Pale Fire Solved

Part of the Synthese Library book series (SYLI, volume 211)


Such diverse philosophers as Davidson, Derrida and Goodman have given arguments supporting the claim that unrevisable interpretations of artworks are impossible. Although this view has been supported by appeal to radical his-toricism, Heidegger’s account of language and the deconstrunionists’ texts, it may be defended by quite respectable philosophical arguments. An ideal interpretation, Alexander Nehamas writes, “would account for all the text’s features”; to interpret is to place that text “in a context which accounts for as many of its features as possible.”1 All interpretations thus are partial for the ultimately trivial reason that, just as no map can represent all features of what it maps, so “no reading can ever account for all of a text’s features.” To interpret is “to understand an action” and this to “understand an agent and therefore other actions and agents as well…” Hence “each text is inexhaustible: its context is the world.” Just as there is no way that the world is independently of how it is described, so there is no way that an artwork is apart from how it is interpreted; different descriptions of the world or an artwork point out different features or describe differently given features of those entities.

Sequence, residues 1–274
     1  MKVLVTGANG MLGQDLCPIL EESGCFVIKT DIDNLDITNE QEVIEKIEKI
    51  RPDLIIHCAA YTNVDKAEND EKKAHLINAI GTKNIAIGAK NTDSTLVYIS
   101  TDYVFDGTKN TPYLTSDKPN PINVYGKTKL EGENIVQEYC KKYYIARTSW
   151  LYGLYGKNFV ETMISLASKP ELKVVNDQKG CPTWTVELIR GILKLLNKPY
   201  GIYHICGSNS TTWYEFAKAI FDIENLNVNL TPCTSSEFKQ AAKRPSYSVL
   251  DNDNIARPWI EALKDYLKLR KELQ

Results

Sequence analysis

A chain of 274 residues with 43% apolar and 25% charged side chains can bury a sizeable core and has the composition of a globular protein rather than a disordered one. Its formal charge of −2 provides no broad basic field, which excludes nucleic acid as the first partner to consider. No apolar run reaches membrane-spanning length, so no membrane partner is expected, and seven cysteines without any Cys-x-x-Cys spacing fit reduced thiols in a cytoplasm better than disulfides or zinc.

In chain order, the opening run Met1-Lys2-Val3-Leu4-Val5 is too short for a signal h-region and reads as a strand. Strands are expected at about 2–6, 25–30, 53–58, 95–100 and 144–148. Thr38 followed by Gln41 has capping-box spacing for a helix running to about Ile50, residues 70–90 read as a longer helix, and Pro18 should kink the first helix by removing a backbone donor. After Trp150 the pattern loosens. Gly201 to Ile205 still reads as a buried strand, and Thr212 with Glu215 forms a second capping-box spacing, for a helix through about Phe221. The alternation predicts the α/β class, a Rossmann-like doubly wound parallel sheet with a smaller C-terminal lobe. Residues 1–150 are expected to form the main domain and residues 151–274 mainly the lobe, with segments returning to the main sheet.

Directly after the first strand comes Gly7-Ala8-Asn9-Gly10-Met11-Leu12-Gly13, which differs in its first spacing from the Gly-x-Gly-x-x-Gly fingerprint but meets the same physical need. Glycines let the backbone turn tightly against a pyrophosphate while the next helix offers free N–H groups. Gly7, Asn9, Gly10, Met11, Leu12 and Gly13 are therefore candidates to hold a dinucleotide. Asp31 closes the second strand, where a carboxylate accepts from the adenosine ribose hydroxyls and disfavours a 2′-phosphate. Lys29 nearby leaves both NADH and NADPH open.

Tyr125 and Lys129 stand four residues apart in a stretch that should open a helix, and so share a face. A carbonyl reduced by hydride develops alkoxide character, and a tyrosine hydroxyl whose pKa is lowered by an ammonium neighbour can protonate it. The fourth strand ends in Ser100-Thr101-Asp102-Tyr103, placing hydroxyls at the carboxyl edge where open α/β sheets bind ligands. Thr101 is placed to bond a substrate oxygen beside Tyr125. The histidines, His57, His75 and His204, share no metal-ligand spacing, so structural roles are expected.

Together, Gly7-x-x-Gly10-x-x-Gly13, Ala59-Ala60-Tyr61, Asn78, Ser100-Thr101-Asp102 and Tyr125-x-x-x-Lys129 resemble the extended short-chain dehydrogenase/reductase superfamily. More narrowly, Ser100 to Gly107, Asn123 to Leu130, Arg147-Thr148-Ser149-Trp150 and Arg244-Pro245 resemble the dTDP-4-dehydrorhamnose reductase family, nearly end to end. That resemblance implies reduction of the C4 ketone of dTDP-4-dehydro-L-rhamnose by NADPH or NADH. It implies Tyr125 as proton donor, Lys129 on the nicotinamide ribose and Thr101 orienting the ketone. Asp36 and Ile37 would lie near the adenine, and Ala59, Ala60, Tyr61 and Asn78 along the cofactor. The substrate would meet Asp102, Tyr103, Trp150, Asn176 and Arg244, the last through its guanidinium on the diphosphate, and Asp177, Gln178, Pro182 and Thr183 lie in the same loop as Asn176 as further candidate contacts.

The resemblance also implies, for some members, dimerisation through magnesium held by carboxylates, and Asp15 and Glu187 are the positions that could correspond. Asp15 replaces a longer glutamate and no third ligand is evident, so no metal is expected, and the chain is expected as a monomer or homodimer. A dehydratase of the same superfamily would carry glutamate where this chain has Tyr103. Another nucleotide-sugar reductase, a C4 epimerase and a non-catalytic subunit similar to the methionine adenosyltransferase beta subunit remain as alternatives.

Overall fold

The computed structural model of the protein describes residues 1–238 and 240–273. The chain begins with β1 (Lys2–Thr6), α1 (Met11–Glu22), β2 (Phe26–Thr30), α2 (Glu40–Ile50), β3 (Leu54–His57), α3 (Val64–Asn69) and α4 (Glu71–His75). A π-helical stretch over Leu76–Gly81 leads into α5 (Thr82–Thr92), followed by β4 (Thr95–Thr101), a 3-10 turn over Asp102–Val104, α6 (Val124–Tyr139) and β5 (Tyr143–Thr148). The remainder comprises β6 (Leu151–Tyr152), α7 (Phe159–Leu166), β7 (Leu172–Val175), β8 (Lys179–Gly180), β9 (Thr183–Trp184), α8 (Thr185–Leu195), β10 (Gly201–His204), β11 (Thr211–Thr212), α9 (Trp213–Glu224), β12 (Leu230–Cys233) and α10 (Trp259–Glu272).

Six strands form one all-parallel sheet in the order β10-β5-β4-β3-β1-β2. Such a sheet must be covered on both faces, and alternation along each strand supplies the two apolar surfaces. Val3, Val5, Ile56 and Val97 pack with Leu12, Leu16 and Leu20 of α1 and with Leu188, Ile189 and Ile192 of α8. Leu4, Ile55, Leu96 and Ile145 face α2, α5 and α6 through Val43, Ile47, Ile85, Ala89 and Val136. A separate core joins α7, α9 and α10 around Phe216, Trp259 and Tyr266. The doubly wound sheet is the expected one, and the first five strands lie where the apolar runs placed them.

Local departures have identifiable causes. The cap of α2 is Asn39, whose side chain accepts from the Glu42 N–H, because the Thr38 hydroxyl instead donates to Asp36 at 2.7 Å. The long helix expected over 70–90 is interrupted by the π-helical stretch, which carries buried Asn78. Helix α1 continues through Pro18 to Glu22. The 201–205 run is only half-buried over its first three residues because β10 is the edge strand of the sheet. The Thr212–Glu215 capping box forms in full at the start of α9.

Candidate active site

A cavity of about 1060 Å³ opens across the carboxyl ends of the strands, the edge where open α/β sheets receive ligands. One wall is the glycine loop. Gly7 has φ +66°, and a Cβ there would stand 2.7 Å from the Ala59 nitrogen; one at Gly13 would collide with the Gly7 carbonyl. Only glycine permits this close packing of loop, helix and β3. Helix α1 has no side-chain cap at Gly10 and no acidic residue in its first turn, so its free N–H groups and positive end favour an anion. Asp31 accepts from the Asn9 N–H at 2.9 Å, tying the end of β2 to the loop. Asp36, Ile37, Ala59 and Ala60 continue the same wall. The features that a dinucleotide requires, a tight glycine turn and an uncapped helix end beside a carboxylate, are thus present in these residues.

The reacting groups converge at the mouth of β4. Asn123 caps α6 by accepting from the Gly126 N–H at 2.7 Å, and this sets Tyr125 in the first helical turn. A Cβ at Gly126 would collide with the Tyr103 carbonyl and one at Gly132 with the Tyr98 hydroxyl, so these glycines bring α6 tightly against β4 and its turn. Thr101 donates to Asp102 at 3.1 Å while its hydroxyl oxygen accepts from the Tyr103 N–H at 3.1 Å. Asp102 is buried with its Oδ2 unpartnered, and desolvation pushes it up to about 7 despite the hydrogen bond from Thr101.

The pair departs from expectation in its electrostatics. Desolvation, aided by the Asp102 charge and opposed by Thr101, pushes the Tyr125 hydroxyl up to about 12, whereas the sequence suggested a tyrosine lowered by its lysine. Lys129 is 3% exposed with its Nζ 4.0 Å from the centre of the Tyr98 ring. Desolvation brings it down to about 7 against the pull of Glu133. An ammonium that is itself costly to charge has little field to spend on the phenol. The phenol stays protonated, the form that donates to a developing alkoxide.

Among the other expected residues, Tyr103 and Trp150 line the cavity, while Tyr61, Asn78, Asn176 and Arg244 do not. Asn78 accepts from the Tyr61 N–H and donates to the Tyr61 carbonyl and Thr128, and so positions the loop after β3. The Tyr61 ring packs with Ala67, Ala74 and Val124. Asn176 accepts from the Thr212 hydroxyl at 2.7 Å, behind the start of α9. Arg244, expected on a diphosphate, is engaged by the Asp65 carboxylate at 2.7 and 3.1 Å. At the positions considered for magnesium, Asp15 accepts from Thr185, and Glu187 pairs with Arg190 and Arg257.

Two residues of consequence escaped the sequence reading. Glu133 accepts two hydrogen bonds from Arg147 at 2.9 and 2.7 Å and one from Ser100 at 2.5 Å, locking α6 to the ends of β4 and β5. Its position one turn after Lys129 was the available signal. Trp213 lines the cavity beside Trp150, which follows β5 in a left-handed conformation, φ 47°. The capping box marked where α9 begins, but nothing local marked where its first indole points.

Spatial Metaphor Detective Story Future Interpretation Ideal Interpretation Mountain Resort 
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    Thanks to Arthur Danto, Alexander Nehamas, Marianne Novy, Mark Roskill; for the last two words of my essay-Dana Scott; and to Richard Hennessy, whom this essay is for.Google Scholar

Copyright information

© Kluwer Academic Publishers 1990

Authors and Affiliations

  1. 1.Department of PhilosophyCarnegie Mellon UniversityPittsburghUSA

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